Motorists stung for £30m a year in parking fines

Councils now hand out an average of 162 parking tickets a day. Picture: Greg Macvean
Councils now hand out an average of 162 parking tickets a day. Picture: Greg Macvean
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British motorists are handed 900,000 parking tickets every month, racking up fines totalling £30 million a year.

A study of Freedom of Information requests sent to 434 councils across the UK found that the number of fines handed out monthly has risen four per cent from last year.

Councils now hand out an average of 162 parking tickets a day, compared to 154 in 2012. But while traffic wardens in London were the busiest, motorists in Moray received the fewest parking tickets, averaging less than one ticket a day – 113 in just six months, according to the research by insurance firm LV=.

“Parking rules vary in each council area and it is easy to get caught out when you don’t know the restrictions,” said John O’Roarke, managing director of LV= car insurance. “Getting a ticket can be very expensive and often take months to reverse.”

According to the FOI requests, Aberdeen City Council clocked up 43,563 parking tickets in the first half of 2013 – compared to just 49,261 for the whole of the previous year. However, Edinburgh Council has issued fewer than half the number of tickets in the first six months of 2013 than in 2012, at just 87,894.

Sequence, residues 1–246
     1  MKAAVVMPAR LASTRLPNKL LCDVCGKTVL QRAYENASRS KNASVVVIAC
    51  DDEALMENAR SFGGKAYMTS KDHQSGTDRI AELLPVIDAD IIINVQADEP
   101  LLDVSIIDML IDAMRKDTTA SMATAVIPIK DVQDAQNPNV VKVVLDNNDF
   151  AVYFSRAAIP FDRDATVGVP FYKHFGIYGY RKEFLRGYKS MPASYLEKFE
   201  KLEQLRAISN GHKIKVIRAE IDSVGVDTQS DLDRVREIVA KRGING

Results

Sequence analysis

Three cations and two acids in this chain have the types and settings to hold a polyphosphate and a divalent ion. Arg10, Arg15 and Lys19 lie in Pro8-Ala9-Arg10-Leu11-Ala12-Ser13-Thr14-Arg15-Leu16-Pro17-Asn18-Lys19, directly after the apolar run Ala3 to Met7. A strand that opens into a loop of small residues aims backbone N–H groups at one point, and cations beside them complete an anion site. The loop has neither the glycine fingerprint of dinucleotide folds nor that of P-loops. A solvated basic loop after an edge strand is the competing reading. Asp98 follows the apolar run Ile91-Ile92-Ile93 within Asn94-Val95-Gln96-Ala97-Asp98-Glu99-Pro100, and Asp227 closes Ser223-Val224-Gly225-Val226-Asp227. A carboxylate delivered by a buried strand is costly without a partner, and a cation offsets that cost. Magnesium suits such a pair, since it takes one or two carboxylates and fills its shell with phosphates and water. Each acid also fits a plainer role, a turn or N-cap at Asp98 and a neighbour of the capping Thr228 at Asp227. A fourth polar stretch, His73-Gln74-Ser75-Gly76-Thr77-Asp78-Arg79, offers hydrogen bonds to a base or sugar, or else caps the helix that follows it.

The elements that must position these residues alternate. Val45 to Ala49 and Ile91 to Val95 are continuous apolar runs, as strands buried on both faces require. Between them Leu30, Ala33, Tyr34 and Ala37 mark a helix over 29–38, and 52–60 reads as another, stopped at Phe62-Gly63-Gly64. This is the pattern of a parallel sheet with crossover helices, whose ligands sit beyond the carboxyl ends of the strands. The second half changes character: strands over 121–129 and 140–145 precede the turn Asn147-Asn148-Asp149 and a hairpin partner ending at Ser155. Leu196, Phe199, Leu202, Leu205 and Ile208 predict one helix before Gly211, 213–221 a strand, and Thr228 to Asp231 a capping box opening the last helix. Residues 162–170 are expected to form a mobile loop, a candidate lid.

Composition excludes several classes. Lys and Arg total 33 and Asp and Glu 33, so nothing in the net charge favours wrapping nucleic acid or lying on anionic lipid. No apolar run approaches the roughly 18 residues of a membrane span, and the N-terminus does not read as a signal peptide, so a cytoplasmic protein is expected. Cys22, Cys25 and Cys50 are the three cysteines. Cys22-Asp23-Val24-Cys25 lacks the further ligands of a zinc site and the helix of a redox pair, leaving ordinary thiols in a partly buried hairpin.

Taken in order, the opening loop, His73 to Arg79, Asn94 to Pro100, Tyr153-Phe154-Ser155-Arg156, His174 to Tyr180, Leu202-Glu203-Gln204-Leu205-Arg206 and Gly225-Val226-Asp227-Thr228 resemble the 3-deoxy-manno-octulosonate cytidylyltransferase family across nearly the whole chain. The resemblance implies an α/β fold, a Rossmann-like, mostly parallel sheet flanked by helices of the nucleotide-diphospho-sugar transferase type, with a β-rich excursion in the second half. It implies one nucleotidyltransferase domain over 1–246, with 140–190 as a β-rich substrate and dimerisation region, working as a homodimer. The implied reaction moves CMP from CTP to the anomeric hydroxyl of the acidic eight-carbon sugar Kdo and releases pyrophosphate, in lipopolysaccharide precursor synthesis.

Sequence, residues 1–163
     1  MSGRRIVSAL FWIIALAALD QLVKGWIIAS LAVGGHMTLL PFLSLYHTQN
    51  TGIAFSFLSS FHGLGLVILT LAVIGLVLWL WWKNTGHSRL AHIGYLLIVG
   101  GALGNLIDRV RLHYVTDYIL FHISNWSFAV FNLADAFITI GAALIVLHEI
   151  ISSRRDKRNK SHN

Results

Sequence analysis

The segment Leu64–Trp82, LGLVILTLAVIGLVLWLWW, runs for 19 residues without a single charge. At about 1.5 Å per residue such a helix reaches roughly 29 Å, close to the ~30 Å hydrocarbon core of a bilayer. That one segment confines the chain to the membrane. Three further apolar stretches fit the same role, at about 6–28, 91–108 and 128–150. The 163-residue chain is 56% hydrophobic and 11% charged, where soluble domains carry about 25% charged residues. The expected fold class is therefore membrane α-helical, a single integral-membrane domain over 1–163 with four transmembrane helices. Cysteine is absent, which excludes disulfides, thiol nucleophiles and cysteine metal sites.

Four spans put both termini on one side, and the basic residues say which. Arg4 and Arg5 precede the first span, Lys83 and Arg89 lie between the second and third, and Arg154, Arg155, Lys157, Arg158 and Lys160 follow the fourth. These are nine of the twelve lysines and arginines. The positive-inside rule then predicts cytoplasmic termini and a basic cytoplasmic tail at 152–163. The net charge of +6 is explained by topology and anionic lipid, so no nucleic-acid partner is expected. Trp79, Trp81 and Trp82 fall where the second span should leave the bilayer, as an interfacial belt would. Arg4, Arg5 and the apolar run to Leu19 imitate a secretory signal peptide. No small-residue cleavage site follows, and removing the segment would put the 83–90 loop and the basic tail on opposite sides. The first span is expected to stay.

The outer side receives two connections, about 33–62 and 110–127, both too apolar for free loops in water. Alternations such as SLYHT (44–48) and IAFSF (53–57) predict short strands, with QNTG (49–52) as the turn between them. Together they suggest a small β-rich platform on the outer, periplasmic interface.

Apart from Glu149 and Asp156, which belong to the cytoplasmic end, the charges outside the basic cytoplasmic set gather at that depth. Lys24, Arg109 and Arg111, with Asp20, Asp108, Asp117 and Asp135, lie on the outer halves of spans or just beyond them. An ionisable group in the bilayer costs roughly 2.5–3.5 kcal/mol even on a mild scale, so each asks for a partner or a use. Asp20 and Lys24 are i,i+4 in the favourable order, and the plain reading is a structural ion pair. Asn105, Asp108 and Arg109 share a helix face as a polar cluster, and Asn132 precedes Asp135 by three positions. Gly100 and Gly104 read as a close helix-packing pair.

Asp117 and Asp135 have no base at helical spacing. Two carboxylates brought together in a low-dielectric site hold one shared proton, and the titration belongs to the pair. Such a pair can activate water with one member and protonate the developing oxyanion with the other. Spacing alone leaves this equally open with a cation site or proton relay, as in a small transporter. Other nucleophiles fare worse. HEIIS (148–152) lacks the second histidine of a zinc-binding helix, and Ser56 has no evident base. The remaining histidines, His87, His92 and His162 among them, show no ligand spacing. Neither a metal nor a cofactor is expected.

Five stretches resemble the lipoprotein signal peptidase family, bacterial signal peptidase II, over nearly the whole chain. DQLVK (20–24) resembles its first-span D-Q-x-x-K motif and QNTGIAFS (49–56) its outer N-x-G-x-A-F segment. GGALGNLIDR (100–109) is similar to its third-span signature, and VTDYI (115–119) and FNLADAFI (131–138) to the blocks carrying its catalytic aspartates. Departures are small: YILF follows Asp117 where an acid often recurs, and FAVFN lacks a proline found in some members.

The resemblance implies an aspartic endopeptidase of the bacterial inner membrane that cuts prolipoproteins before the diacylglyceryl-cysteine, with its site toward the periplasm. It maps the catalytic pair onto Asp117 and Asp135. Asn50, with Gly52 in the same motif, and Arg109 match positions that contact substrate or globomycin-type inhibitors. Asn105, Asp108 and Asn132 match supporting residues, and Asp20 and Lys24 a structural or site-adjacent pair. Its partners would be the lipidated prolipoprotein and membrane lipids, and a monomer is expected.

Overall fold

Glasgow Council, which had a reduction in the number of tickets issued in 2011 compared to 2012, failed to give up-to-date figures for 2013.

While there has been a general increase across all council areas, there has been a significant spike in the number of tickets being issued on Sundays. Over 284,000 tickets were issued by parking wardens on Sundays between January and May this year.

“Parking on a Sunday is becoming increasingly difficult if you don’t know the local rules,” added Mr O’Roarke. “If in doubt, check the sign explaining the parking restrictions and if you are still unsure, try to park somewhere else.”

Drivers said that the main reasons for tickets they received were staying too long, leaving their car somewhere they thought they would not need a ticket – which applied to a quarter of those questioned – or forgetting to display a ticket. Common complaints among motorists were that signs explaining parking restrictions were often difficult to locate or to understand, and road markings were confusing.

Paul Watters, head of roads policy for the AA, said controlled parking zones, which mean that area-by-area rules apply, can confuse motorists, while technology has made it easier for traffic wardens to cover bigger areas.

“It assumes you have seen a sign as you enter an area, which in busy traffic isn’t always possible,” he said. “It also assumes you are familiar with the rules of that particular council and if not, you’ve not got a hope of knowing what the restrictions are. People are getting a bit fed-up with it and feel they are being milked of their money.”

“Many of the penalties are mistakes and not deliberate non-compliance,” added Mr Watters. “The authorities often lose sight of that.”

Of 2,000 motorists surveyed, four in ten presumed that the same parking rules applied everywhere.